The Liberal Democrat leader is credited with stealing the advantage in three instant polls following the historic initial live clash with Tory leader David Cameron and Gordon Brown on ITV last night.
Capitalising on his equal billing with the two main party leaders, Clegg presented himself as the voice of “fairness” and challenged his rivals to be honest with the public.
These tactics appeared to have paid off with three separate polls, and also an unscientific straw poll which we conducted live using Twitter, put Clegg far ahead of Cameron and Brown.
Research by YouGov for The Sun in the immediate aftermath of the 90-minute session suggested the Lib Dem leader had impressed voters most saying that Clegg was rated as the most impressive by 51 per cent, a clear lead over Cameron on 29 per cent and The Prime Minister on 19 per cent.
A text message poll for Sky News by Fizzback also rated Clegg highest, with 37 per cent of the 1,608 voters polled with Brown came second with 32 per cent of the votes and Mr Cameron lagged behind with 31 per cent.
Represented as a score of -10 to +10, voters responded positively to
Brown’s background (+6) but negatively to his likeability (-4).
Whilst using the same scoring, Cameron’s background was a turn-off for voters (-6) and they thought he needed to improve his likeability (-1).
A ComRes poll for ITV News also found that Clegg had emerged victorious with the Lib Dem leader rated as the winner by 43 per cent of the 4,032 viewers polled, nearly double Cameron’s score of 26 per cent and Brown’s 20 per cent.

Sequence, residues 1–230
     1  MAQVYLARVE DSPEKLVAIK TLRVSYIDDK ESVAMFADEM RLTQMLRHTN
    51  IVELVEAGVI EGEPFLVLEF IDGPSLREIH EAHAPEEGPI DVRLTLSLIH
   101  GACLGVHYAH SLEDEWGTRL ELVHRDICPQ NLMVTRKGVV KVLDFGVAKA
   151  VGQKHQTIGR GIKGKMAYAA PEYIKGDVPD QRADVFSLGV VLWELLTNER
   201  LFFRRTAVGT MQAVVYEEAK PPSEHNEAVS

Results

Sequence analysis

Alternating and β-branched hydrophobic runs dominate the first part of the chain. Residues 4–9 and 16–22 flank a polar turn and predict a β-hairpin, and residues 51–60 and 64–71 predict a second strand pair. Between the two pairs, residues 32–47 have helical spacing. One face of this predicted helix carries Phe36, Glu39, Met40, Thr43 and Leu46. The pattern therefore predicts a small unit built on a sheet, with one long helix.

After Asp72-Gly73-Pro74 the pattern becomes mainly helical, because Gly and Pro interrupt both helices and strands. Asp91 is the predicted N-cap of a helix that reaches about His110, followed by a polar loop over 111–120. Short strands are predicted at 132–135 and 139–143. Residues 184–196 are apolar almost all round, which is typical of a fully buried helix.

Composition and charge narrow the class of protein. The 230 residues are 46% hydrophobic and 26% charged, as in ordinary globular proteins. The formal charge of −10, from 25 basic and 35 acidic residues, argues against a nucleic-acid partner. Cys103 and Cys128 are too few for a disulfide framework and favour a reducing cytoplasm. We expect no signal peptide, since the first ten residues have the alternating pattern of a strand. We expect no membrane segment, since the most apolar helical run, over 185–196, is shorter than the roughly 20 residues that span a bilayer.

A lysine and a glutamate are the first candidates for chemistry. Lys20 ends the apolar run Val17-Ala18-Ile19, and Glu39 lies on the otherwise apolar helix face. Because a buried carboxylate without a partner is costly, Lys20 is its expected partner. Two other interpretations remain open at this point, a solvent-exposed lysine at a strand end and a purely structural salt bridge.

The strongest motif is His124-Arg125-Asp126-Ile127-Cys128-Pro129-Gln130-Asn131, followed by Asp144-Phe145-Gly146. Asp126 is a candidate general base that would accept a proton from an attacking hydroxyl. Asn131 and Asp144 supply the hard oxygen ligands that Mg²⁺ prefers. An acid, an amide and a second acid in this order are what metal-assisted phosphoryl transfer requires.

Asked which leader would be most trusted to make any necessary cuts to public services, Clegg and Cameron were neck and neck on 36 per cent, ahead of Brown on 28 per cent.
But the Tory leader had a slender advantage on the issue of immigration, with 37 per cent thinking he had the best policies compared with 35 per cent for Clegg and 20 per cent for Brown.
The three men vying to be Prime Minister clashed over the economy, defence and care for the elderly today in the unprecedented television confrontation before a live studio audience in Manchester and millions more watching at home.
While Cameron said the Prime Minister was planning to “go on wasting now so I can put up your taxes later”, Brown responded that Tory plans to cut £6 billion from government spending risked tipping Britain into a “double-dip recession”.
Clegg was able to cut through this battle between the two main parties accusing them of “sounding exactly the same”. All parties recognised that cuts must be made and the question for voters was “Who is going to be straight with you about the scale of those cuts?”
After the launch of the Labour, Conservative and Lib Dem manifestos earlier this week, there were no new policy announcements.
The trio will clash at two further debates on Sky News and BBC One on the two remaining Thursdays before the May 6 election.